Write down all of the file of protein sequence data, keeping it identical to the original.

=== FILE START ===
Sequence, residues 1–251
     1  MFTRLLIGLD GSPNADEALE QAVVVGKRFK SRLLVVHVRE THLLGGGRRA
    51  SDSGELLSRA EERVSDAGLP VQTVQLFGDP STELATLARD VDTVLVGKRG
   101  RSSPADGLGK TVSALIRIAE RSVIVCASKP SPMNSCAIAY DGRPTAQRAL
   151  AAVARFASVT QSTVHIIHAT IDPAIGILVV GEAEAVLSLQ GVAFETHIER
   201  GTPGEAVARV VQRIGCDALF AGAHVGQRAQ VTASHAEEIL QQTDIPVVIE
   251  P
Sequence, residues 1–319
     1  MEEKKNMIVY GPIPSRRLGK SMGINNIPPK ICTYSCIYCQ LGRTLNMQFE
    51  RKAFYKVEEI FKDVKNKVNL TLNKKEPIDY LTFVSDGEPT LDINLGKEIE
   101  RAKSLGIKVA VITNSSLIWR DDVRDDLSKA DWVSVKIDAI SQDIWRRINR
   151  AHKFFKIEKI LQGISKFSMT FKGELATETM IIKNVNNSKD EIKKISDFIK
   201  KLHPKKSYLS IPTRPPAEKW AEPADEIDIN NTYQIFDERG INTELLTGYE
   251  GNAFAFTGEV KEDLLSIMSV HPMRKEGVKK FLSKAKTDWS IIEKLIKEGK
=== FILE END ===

Sequence, residues 1–251
     1  MFTRLLIGLD GSPNADEALE QAVVVGKRFK SRLLVVHVRE THLLGGGRRA
    51  SDSGELLSRA EERVSDAGLP VQTVQLFGDP STELATLARD VDTVLVGKRG
   101  RSSPADGLGK TVSALIRIAE RSVIVCASKP SPMNSCAIAY DGRPTAQRAL
   151  AAVARFASVT QSTVHIIHAT IDPAIGILVV GEAEAVLSLQ GVAFETHIER
   201  GTPGEAVARV VQRIGCDALF AGAHVGQRAQ VTASHAEEIL QQTDIPVVIE
   251  P
Sequence, residues 1–319
     1  MEEKKNMIVY GPIPSRRLGK SMGINNIPPK ICTYSCIYCQ LGRTLNMQFE
    51  RKAFYKVEEI FKDVKNKVNL TLNKKEPIDY LTFVSDGEPT LDINLGKEIE
   101  RAKSLGIKVA VITNSSLIWR DDVRDDLSKA DWVSVKIDAI SQDIWRRINR
   151  AHKFFKIEKI LQGISKFSMT FKGELATETM IIKNVNNSKD EIKKISDFIK
   201  KLHPKKSYLS IPTRPPAEKW AEPADEIDIN NTYQIFDERG INTELLTGYE
   251  GNAFAFTGEV KEDLLSIMSV HPMRKEGVKK FLSKAKTDWS IIEKLIKEGK